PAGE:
Vermont Senator Bernie Sanders, who is an Independent, announced Tuesday morning that he is running for President of the United States as a Democrat for the second time. He lost the Democratic presidential nomination to Hillary Clinton in 2016.
Sanders said he is running to oppose President Donald Trump, and to enact many of the progressive ideas — including universal health care coverage, a $15 minimum wage and reducing student debt — that he championed in 2016.
"I think the current occupant of the White House is an embarrassment to our country," Sanders said. "I think he is a pathological liar... I also think he is a racist, a sexist, a homophobe, a xenophobe, somebody who is gaining cheap political points by trying to pick on minorities, often undocumented immigrants."
He is in his third term as a U.S. Senator. This time around, the race has a very different look and feel, with many more women running and many more candidates as a whole throwing their hats into the ring for the Democratic nomination. Sanders acknowledged that, along with the long-standing allegations of racism and sexism, and more recent high-profile reports of sexual harassment that have been plaguing his operations.
"We are gonna be providing a whole lot of education ... and training to all of our employees, and we have on board as part of this campaign a very, very experienced and professional team of folks who do exactly this — they deal with sexual harassment and discrimination," Sanders told VPR.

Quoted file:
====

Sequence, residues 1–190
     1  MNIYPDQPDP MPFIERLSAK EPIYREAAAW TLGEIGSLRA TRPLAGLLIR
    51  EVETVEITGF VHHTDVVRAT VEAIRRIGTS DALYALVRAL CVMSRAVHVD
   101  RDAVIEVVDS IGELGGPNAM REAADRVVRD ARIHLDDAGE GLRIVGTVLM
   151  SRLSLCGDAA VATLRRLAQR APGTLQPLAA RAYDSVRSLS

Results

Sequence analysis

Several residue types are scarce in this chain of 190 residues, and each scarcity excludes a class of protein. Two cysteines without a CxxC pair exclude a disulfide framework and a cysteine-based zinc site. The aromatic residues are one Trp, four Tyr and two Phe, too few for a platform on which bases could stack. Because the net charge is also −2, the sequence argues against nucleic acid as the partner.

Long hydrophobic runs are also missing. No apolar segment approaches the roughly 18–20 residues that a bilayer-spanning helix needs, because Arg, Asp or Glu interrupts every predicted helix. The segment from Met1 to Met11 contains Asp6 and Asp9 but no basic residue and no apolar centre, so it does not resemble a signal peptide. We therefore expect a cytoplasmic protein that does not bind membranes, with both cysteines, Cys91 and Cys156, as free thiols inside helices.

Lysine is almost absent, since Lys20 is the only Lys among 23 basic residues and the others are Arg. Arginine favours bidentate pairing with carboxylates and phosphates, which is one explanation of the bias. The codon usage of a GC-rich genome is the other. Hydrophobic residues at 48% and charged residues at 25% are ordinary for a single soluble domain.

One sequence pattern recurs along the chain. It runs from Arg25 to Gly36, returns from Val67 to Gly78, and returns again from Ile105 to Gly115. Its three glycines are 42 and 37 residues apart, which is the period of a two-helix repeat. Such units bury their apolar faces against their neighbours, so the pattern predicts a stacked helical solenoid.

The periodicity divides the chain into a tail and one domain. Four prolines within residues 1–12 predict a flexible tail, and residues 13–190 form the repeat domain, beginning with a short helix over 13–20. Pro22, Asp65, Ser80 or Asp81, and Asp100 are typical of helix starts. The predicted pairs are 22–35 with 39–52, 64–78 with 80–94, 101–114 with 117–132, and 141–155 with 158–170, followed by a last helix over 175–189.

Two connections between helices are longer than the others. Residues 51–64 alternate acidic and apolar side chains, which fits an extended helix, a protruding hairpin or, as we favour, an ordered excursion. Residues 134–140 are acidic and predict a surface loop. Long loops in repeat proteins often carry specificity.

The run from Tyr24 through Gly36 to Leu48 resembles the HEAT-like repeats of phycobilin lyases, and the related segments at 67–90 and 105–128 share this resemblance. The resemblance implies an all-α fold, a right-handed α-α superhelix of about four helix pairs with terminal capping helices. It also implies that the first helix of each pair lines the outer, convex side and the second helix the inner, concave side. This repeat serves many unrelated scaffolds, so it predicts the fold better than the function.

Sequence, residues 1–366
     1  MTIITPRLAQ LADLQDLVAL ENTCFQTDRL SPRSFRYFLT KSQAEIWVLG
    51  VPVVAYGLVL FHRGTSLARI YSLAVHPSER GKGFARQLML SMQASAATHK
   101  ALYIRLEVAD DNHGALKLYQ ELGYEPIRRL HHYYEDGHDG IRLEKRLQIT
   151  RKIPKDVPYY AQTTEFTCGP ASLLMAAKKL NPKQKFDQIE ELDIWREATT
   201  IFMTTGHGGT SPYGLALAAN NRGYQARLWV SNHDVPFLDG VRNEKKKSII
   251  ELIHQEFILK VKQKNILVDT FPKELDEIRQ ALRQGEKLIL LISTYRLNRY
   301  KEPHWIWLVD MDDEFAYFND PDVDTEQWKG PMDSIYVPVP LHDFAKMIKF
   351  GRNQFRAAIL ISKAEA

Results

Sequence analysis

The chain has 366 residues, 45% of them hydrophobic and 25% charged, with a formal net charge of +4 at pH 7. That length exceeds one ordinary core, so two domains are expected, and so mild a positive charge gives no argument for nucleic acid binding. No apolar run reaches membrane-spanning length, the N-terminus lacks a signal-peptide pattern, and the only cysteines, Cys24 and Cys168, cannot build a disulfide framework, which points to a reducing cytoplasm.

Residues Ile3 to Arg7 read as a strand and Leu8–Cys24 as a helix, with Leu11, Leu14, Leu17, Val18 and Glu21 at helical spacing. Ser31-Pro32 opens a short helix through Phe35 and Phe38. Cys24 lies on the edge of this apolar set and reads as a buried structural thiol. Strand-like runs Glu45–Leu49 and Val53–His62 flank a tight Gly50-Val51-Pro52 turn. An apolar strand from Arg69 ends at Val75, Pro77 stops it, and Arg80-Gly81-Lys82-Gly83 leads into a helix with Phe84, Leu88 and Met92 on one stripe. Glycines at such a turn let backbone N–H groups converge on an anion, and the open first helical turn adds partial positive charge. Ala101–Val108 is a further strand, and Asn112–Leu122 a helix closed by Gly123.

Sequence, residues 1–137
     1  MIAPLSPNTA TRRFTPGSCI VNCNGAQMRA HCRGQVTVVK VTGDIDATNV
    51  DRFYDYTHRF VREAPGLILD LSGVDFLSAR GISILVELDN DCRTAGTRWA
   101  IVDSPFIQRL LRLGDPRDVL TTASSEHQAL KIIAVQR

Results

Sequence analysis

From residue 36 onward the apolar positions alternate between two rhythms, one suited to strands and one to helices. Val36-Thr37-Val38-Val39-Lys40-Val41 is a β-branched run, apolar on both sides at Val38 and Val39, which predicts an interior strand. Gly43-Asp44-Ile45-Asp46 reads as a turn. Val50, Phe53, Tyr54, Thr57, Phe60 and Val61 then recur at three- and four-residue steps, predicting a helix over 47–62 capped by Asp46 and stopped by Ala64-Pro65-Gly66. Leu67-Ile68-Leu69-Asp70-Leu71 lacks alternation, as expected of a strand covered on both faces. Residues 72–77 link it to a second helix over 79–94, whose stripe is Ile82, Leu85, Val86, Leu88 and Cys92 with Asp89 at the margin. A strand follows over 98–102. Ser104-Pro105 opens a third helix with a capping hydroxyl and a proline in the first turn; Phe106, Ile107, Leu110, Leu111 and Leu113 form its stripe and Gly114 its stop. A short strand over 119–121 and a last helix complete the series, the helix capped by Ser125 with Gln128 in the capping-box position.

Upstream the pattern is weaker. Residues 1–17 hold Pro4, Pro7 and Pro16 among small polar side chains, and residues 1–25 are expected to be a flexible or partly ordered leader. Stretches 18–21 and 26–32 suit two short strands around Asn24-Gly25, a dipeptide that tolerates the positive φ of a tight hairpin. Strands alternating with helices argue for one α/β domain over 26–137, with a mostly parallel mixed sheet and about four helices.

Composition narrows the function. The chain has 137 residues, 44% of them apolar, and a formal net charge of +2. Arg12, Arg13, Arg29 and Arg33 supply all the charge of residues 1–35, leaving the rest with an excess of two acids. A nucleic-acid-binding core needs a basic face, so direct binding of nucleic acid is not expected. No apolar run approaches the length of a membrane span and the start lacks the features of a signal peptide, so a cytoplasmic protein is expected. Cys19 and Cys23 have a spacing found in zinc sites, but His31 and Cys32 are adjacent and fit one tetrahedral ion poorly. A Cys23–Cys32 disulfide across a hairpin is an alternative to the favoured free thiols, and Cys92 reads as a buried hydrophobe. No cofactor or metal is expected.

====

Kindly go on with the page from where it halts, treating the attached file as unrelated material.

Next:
He may also have to actually change parties in order to be a true Democrat in order to run on the Democratic ticket. In 2018, the Democratic Party adopted the following rules about who may run as a Dem:
"At the time a presidential candidate announces their candidacy publicly, they must publicly affirm that they are a Democrat. Each candidate pursuing the Democratic nomination shall affirm, in writing, to the National Chairperson of the Democratic National Committee that they:
A. are a member of the Democratic Party;
B. will accept the Democratic nomination; and
C. will run and serve as a member of the Democratic Party.
This requirement of written affirmation shall not supplant any necessary qualifications a candidate must satisfy at the state level, but is in addition to such affirmations required by
individual states and territories."
That letter A. may be a problem for him, or not. One way or the other, he will have to negotiate the new rules along with the rest of the crowded Democratic field.